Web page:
Listen to James Burton with Dale Hawkins on Suzie Q
Update: For the Stomp expect a set from Mr Burton including songs from his days with Bob Luman, Ricky Nelson, Merle Haggard and ELVIS!!
Master of the pink paisley Telecaster, veteran of sessions that number in the thousands, capable of playing anything with strings, creator of the "Suzie-Q" guitar riff, Ricky Nelson`s main man, leader of Elvis's and Jerry Lee's bands. James Burton has been at it for fifty years.
Starting out in Shreveport as a member of the Louisiana Hayride at the tender age of fifteen, Burton was force-fed the blues by Dale Hawkins; the result being that unforgettable intro to "Suzie-Q" that rockers the world over just can't seem to wring out of their heads. He soon hooked up with fellow Shreveport teenager Bob Luman, cutting "Red Cadillac and a Black Mustache" and "Red Hot" for Imperial, as well as playing on many of that label's legendary rockabilly sides, including those of Ricky Nelson, whose band he soon joined--but not before making a stellar appearance with Luman in the rock 'n' roll movie "Carnival Rock" where the pair blew the roof off theaters nationwide with their incredible "This Is The Night." It would be the first opportunity many aspiring young pickers would have to study Mr. Burton's way with a six-string, but it would certainly not be the last.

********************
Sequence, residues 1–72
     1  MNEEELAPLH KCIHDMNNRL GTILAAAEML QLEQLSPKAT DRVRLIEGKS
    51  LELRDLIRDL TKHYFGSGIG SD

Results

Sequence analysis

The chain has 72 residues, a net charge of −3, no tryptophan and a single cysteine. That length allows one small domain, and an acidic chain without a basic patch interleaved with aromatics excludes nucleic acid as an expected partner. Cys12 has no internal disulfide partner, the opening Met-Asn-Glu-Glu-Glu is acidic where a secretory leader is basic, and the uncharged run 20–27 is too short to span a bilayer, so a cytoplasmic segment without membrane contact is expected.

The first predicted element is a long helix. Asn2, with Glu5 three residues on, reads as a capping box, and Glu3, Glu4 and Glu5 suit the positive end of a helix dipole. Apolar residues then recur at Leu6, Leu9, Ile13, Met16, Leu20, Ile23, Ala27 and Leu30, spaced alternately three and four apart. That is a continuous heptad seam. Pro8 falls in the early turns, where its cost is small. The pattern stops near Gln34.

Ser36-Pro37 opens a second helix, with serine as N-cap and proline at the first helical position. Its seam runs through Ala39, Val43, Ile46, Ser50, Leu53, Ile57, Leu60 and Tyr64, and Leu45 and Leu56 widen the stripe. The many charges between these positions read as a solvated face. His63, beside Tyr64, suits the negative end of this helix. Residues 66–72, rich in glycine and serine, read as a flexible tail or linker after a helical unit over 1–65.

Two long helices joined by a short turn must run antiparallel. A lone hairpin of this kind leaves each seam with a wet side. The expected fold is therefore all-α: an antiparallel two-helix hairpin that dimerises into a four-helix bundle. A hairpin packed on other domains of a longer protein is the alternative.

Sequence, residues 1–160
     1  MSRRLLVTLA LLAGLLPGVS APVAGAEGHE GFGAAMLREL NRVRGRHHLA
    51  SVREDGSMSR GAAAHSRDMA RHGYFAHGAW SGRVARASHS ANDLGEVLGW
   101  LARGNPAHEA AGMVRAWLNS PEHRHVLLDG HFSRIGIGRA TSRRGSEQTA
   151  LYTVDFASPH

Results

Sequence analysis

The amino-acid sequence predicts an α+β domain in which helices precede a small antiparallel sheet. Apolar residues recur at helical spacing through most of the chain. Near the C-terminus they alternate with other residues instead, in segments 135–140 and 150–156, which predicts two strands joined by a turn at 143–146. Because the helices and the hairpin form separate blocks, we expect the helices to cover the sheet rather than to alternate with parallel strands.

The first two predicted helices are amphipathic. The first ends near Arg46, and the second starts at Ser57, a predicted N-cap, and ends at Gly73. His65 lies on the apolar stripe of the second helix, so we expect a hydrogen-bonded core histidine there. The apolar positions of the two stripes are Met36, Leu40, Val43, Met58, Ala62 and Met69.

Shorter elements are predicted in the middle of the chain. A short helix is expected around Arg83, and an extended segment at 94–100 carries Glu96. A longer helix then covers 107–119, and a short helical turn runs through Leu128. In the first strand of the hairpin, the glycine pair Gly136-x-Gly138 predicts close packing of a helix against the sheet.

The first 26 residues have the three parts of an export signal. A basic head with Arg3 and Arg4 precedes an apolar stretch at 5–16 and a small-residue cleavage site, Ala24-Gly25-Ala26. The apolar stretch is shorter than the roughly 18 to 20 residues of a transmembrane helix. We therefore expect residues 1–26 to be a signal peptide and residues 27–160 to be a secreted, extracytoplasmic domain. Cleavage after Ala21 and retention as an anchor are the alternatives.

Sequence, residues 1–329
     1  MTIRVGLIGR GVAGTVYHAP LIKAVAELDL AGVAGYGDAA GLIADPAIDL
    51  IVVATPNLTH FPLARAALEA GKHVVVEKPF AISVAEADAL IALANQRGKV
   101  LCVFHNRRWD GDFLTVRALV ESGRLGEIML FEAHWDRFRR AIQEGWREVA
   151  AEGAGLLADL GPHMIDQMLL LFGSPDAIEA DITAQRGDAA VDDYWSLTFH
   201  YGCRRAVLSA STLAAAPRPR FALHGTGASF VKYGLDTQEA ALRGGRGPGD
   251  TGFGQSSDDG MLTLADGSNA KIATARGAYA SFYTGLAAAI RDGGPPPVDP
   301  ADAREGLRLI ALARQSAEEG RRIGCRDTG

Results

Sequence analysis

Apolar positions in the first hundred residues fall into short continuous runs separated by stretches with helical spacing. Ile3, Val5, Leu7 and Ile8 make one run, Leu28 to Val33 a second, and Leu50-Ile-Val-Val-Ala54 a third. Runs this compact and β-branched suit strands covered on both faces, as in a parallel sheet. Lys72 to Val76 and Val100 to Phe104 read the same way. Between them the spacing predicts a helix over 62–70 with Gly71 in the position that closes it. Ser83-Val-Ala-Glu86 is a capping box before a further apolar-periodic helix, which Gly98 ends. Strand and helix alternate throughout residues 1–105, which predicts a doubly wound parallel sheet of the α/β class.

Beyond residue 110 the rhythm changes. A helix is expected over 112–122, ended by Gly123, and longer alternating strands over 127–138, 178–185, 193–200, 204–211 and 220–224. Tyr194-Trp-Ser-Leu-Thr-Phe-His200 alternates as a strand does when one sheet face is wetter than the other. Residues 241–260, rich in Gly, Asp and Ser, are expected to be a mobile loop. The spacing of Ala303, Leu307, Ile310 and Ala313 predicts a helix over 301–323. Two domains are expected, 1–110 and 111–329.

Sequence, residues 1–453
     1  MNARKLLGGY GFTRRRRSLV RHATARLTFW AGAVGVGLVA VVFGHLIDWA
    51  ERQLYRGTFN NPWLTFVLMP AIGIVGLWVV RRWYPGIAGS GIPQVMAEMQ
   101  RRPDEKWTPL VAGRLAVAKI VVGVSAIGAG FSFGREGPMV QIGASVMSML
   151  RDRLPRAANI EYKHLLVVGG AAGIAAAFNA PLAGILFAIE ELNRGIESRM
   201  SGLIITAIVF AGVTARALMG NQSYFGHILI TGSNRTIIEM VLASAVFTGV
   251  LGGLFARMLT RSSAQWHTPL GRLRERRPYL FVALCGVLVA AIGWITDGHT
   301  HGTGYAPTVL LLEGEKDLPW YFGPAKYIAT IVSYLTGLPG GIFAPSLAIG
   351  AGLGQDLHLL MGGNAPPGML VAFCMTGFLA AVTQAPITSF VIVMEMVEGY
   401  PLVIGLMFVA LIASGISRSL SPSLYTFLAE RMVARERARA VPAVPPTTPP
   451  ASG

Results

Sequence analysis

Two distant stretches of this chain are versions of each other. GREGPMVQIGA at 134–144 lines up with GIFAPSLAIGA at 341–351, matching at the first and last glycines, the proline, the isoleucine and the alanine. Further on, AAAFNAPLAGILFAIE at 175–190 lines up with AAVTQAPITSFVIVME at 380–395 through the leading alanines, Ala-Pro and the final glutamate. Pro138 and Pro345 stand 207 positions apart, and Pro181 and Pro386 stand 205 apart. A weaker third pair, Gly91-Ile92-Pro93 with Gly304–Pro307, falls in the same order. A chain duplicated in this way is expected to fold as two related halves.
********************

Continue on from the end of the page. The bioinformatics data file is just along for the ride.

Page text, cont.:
Appearing alongside Ricky on Ozzie and Harriet, the Nelson family's popular T.V. show, James threw his trademark chickin'-pickin' licks all over such hits as "Travelin' Man," "Hello Mary Lou," and "Believe What You Say," practically inventing the rockabilly guitar style in the process. Upon leaving Ricky, James plunged into session work backing everyone from the Everly Brothers to Merle Haggard to the Beach Boys to Buffalo Springfield, gaining further notoriety as the guitarist with the "Shindig" house band, the Shindogs.
When the King reclaimed his throne in '68, he called on none other than James to put together and lead the TCB band and when not busy with Elvis, James toured with Gram Parsons and Emmylou Harris. After Presley's death, Burton-perhaps feeling a bit on the introspective side--worked with John Denver for years until eventually the devil came calling again and he commenced to peeling the paint off the walls with Jerry Lee Lewis. Residing in the house where "The Creature From the Black Lagoon" was filmed, James is still the consummate guitar player's guitar player that he's always been.